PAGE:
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Title: Letter from South Carolina [U.S.]
CollectionIrish Emigration Database
Sender Genderunknown
Sender Occupationunknown
Sender Religionunknown
OriginS.Carolina, USA
Recipient Genderunknown
Relationshipre living in the USA
SourceThe Belfast Mercury, no.41, vol.III, 20 December 1785, p.4, c.4
ArchiveThe Linenhall Library, N. Ireland.
Doc. No.9407223
Partial Date
Doc. TypeEMG
LogDocument added by LT, 06:06:1994
Word Count291
TranscriptLetter from South Carolina, Sept.4.

I am now settled here in as good a situation as the state of this
country will permit, which is much inferior to what I knew it once,
before its seperation from you. The goods I brought with me from England
lie on my hands now near [-----] months, not from the want of demand
for the buyers are plenty, but cash is a rarity. The want of confidence
between man and man has turned the word confidence into disuse. The
remittances from France to the merchants and planters here are small
proportions of paper securities negotiable in Europe, some Congress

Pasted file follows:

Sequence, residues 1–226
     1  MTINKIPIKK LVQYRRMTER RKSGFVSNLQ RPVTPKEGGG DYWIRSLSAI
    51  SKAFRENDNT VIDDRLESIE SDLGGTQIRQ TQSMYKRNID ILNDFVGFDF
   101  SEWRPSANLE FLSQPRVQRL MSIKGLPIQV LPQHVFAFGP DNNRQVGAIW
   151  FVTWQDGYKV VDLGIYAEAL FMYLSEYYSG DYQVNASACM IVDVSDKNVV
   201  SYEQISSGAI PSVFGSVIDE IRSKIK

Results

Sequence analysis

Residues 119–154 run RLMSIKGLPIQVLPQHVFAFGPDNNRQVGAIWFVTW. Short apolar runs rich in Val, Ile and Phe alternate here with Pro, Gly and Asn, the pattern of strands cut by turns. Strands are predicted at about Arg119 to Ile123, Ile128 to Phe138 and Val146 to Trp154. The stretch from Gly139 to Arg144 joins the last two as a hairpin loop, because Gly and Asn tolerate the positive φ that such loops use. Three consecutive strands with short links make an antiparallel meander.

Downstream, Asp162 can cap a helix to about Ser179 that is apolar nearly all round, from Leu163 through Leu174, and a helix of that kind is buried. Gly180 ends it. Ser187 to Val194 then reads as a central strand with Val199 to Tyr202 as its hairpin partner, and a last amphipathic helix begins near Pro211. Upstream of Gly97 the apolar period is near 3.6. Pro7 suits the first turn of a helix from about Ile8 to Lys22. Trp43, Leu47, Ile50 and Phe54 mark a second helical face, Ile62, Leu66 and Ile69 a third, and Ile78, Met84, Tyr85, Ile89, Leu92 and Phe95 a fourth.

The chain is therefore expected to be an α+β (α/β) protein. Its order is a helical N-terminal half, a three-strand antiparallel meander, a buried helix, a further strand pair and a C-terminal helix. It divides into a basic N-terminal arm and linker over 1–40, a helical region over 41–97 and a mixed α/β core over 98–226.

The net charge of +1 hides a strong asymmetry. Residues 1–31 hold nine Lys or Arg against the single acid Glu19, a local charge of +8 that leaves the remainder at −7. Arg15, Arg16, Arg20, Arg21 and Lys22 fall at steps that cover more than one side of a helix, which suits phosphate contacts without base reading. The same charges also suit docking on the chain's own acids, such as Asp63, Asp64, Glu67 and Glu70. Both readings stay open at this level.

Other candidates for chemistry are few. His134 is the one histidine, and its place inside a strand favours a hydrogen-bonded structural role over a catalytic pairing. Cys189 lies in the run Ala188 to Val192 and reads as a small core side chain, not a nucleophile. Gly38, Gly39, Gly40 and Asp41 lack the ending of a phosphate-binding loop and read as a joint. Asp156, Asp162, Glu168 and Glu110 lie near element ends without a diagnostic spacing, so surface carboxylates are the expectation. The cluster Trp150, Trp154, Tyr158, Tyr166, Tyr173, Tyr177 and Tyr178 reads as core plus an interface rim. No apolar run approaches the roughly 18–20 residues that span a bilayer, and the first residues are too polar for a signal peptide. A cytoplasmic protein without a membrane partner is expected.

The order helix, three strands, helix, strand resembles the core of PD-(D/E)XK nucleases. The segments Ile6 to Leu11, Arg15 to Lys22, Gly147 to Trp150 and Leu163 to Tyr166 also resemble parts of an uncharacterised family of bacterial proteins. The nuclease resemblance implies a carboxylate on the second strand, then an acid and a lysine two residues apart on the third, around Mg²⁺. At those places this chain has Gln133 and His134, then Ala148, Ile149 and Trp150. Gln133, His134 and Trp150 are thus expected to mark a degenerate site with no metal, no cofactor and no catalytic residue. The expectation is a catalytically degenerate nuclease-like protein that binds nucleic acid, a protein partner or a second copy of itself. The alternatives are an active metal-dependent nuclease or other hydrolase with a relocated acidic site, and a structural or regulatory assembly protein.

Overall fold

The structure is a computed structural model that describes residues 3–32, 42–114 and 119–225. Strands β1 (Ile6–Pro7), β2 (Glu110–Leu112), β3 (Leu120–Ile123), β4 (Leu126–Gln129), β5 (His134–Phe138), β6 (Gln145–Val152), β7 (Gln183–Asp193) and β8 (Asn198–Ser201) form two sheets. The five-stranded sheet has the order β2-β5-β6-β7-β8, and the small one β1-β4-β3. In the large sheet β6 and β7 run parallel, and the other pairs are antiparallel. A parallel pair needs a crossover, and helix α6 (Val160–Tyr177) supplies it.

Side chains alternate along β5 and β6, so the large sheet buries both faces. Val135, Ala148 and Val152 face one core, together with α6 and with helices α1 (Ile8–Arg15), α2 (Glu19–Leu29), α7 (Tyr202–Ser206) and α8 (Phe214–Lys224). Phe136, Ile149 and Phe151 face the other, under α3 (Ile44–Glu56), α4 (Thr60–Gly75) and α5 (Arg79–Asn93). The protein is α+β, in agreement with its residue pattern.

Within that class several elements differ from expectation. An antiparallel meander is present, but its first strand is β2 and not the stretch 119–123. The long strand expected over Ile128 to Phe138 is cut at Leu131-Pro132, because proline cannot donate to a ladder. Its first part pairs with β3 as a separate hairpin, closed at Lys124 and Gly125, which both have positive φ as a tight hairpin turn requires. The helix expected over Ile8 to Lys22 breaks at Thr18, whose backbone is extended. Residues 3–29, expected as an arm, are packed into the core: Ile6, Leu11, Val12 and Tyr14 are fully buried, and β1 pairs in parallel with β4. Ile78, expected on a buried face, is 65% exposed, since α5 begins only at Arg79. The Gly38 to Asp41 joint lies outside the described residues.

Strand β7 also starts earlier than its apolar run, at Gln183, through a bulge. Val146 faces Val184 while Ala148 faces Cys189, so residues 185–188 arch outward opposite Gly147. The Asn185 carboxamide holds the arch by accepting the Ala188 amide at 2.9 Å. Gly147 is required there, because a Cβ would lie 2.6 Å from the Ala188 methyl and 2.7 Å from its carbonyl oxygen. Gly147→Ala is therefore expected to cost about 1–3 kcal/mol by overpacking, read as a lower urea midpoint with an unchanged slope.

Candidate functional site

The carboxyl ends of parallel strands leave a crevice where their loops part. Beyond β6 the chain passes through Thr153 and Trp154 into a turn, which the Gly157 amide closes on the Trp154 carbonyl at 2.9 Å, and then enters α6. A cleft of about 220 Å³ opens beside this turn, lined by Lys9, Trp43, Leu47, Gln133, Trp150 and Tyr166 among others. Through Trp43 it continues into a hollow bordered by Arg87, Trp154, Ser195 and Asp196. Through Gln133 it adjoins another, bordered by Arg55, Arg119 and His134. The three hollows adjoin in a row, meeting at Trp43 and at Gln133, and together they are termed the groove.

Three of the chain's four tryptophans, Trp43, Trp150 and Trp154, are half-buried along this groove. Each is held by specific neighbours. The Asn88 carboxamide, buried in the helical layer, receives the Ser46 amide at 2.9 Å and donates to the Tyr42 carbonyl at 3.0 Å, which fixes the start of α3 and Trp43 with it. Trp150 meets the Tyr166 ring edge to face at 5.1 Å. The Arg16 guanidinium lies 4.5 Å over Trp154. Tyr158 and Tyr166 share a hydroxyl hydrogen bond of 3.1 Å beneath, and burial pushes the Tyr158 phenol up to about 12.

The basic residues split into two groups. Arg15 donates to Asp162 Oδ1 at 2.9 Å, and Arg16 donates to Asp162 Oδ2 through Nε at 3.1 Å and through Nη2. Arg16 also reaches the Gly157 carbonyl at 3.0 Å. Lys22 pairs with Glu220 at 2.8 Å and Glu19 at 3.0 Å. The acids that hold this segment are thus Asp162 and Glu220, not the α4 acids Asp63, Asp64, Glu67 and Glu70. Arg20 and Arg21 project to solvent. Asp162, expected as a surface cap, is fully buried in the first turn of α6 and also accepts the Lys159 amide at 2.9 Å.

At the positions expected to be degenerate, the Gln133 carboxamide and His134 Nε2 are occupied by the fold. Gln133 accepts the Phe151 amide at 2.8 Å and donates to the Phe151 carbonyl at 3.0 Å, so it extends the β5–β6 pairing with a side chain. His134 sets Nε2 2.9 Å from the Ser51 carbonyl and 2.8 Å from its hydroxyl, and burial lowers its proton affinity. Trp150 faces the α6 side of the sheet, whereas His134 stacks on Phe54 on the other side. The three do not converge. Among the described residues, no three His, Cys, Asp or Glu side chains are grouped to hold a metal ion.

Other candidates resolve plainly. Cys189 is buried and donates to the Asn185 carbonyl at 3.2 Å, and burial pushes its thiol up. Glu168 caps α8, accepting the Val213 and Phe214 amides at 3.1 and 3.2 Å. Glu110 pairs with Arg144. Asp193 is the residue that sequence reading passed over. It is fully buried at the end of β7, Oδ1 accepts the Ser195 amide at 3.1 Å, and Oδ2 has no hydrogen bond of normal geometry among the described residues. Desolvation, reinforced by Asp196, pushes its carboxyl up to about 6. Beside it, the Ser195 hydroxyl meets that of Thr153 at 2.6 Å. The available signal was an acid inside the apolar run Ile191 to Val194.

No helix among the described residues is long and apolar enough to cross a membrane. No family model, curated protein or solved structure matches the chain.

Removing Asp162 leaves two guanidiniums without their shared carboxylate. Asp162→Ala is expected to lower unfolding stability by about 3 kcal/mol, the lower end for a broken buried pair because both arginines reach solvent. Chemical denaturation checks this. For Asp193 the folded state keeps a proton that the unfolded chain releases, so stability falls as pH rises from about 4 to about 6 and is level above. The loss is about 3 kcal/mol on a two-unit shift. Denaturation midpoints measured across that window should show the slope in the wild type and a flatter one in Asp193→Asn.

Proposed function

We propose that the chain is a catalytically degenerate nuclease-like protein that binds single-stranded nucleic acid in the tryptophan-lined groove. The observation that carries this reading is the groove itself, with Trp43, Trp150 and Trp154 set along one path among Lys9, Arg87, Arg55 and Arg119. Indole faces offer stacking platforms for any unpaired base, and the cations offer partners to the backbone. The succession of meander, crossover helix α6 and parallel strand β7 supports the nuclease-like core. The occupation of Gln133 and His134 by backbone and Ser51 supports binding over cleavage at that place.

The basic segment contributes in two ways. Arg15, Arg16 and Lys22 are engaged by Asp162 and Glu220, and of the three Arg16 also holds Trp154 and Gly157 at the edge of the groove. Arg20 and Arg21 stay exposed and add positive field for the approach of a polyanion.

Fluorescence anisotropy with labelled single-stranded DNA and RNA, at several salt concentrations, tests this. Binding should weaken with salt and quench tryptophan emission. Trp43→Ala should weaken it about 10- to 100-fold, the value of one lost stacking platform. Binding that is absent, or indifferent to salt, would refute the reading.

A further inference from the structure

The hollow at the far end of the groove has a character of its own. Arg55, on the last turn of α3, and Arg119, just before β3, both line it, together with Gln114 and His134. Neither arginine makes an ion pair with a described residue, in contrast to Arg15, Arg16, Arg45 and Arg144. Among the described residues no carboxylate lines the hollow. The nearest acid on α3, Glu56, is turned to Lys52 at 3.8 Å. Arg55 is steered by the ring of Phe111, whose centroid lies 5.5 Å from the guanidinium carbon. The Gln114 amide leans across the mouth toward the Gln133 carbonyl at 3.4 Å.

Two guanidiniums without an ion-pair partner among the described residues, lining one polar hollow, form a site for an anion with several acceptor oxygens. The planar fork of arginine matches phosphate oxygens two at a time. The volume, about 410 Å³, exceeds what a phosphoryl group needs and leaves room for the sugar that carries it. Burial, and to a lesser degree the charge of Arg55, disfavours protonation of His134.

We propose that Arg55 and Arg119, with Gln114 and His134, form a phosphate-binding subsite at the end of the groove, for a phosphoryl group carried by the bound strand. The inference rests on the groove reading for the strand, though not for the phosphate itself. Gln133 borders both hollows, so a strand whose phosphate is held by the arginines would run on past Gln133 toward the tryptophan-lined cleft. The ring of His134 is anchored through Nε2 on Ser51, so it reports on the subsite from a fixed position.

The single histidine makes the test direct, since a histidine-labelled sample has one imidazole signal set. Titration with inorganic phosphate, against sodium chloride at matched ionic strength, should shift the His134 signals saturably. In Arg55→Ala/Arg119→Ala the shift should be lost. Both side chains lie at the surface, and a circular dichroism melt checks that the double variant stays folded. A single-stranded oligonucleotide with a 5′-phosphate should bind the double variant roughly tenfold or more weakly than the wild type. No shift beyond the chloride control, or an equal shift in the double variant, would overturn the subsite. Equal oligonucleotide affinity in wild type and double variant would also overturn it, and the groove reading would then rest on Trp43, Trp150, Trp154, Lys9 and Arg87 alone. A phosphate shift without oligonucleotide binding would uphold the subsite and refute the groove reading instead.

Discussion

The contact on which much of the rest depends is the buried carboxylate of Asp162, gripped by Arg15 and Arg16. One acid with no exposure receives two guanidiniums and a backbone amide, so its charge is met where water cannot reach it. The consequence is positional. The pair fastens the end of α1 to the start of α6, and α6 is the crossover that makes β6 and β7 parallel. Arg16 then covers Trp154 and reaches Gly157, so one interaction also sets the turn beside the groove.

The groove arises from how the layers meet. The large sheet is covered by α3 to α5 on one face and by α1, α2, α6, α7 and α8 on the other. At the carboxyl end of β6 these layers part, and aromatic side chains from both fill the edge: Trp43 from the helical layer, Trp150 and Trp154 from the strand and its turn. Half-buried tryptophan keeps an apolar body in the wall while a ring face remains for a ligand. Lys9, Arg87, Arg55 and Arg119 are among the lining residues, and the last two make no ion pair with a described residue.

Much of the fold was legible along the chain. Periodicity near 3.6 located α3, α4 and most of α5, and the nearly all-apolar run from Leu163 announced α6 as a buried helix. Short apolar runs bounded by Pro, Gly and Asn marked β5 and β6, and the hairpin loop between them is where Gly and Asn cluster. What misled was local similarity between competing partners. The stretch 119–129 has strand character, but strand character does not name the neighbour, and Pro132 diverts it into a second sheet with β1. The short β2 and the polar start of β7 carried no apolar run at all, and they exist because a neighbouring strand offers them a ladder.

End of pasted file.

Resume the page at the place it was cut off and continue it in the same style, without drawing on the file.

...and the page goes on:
paper currency, and commodities inferior to the expectations of the
receivers. The hats, shoes, and linens I brought with me are the only
articles I can venture to convert to any use. The farmers barter the
necessaries of life for them. All accounts from the Northern Provinces
are nearly the same. Madness [-----ly?] seizes the number of unhappy
people who are daily embarking for this land of misery from Great
Britain and Ireland, employment cannot be found for the tenth part
of them. They must colonize amongst themselves at the back of our
settlements, necessity must exasperate them to desperation, which
if happens, cannot but turn to anarchy the little influence
Government has amongst [them?]. Though the turbulence of the
emigrants makes their seclusion from the United States a very
desirable object, yet we must me cautious not to incur their
displeasure; the Coalition of the Indian nations on our rear would
become doubly formidable by a junction with those people (who must
speedily degenerate into barbarity) were their united wrath to
fall upon us; our apprehensions are many and disagreeable; such is
the effect of our independence.